Global health concerns us all

UEF Bulletin 2017

Health threats are no longer somewhere else. From lifestyle diseases to pandemics, they have become global. Solutions are sought from research and cooperation.

Text Ulla Kaltiala Photos Tuija Hyttinen and Raija Törrönen

Non-communicable diseases, such as cardiovascular diseases, cancers and type 2 diabetes, already kill more people in low and middle income countries than in the wealthier countries these diseases used to be associated with. “They are experiencing the same transition from infectious diseases to chronic lifestyle diseases as countries that developed earlier,” says Jussi Kauhanen, Professor of Public Health at the UEF Institute of Public Health and Clinical Nutrition.

Faced with the world’s highest cardiovascular mortality in the past, Finland has succeeded in reducing deaths from coronary heart disease among working-age adults by 80% in 40 years. A turning point was a comprehensive community-based intervention programme, the North Karelia project, which was launched in the 1970s. UEF’s Kuopio Campus has since been home to many other successful interventions attracting global interest.

“Countries where chronic diseases are now on the increase may be able to tackle the problem much faster, since there are existing models to implement and more health awareness,” Kauhanen says.

According to Kauhanen, the world has taken small steps towards global health equity in terms of child deaths and life expectancy, but inequities persist between and within countries. “If you live long enough to get cancer, your access to care and prognosis depend on which part of the world you live in. In addition, socioeconomic status is a strong determinant of health, even in wealthier countries like Finland.”

One positive global development is the decline in the number of deaths from infectious diseases. “The HIV epidemic has been a tragic exception to this trend, but in recent years there has been a reduction in both AIDS deaths and tuberculosis deaths linked to HIV.”

However, infectious diseases have become more unpredictable. “During the second half of the nineteenth century, it looked like a pandemic could erupt every ten years. In this century, we have seen pandemic threats or outbreaks much more often, from swine flu and avian flu to SARS, MERS, Ebola and the Zika virus.”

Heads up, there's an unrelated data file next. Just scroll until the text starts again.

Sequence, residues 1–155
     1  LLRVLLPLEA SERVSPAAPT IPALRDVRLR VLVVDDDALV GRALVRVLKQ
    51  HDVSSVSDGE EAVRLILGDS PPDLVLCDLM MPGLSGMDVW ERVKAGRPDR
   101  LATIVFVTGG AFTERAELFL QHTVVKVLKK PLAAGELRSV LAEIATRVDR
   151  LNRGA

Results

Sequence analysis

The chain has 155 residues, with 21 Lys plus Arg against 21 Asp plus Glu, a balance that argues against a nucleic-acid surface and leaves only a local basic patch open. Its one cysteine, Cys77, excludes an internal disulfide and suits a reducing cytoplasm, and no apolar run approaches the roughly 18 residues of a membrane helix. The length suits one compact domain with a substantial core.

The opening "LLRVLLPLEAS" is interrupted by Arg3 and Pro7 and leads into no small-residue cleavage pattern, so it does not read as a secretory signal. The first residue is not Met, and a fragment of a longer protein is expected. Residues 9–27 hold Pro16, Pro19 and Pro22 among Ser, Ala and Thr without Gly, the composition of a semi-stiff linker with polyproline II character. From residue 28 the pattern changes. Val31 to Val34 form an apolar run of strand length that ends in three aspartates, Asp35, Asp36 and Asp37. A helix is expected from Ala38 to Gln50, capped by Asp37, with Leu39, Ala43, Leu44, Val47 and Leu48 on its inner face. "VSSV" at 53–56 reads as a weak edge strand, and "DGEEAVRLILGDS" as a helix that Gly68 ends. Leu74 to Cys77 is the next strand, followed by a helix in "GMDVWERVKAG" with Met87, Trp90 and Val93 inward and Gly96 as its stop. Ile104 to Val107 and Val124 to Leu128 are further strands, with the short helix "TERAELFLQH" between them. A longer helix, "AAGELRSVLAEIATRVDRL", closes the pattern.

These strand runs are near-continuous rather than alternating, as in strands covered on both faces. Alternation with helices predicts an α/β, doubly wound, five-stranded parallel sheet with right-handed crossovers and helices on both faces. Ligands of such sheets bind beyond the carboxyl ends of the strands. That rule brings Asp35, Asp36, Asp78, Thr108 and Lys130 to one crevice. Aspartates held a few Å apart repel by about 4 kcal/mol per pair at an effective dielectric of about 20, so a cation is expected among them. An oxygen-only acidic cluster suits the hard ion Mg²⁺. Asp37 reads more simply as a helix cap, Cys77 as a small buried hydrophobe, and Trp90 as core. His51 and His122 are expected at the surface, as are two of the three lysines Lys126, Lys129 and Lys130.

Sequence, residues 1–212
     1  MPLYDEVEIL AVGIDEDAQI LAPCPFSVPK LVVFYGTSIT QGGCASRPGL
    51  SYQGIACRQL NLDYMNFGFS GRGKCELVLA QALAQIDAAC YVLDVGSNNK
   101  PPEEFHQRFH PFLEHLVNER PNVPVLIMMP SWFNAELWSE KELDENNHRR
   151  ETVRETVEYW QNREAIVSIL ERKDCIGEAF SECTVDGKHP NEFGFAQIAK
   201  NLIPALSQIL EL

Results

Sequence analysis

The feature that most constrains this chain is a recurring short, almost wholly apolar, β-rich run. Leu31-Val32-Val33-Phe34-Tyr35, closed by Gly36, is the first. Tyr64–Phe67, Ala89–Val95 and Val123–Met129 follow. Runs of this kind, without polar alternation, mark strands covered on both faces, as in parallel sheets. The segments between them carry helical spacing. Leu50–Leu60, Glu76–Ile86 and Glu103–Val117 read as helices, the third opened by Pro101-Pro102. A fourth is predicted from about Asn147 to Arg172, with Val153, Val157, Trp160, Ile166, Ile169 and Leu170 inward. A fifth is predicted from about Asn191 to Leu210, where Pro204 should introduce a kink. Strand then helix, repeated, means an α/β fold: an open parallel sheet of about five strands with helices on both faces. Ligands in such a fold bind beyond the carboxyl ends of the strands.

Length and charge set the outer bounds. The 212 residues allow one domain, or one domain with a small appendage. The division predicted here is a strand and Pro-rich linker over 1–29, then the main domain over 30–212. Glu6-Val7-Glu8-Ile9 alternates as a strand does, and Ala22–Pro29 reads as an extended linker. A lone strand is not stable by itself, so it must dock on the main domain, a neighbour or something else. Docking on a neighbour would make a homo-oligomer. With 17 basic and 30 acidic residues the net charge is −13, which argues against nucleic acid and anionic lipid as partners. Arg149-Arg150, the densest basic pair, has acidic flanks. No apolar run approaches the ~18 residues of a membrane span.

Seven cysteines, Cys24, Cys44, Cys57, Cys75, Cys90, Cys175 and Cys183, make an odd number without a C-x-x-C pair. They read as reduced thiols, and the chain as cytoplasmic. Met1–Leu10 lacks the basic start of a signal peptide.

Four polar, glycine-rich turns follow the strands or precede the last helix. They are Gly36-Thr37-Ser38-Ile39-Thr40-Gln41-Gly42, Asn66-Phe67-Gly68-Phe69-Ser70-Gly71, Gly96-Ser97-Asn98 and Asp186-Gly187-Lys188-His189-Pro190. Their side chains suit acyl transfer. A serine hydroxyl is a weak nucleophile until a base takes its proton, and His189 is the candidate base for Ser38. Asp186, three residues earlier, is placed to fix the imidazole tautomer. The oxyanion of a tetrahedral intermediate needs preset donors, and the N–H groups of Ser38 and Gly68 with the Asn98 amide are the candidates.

“The fact that people travel a lot makes it easier than ever for viruses to spread from one corner of the world to another. The lesson the world has learnt is that global monitoring, preparedness and cooperation are vital.”

Climate change may also spread diseases like malaria to new areas. In addition, extreme weather threatens the availability of clean air, drinking water, food and shelter. “While we were enjoying a record warm summer in Finland in 2010, Pakistan suffered disastrous floods affecting millions of people, both likely caused by climate change. We need to be prepared for more climate-related catastrophes in the future.”

Health in humanitarian crises is a popular topic among students of public health and a growing research area at the institute. An ongoing research project focuses on health professionals’ experiences in the Syrian War. “Our researchers have travelled to the Syrian border to interview doctors who have continued to work in war-torn Aleppo, and we will extend the interviews to Syrian health care professionals seeking asylum in Europe.”

“Systematic violence targeted at health care providers is a new and worrying phenomenon, exemplified by the bombings of hospitals in Aleppo,” Kauhanen says.

He points out that in addition to the immediate victims of war, many more are traumatised by the war. “It’s difficult to predict how it will affect children’s lives and mental health, in particular.”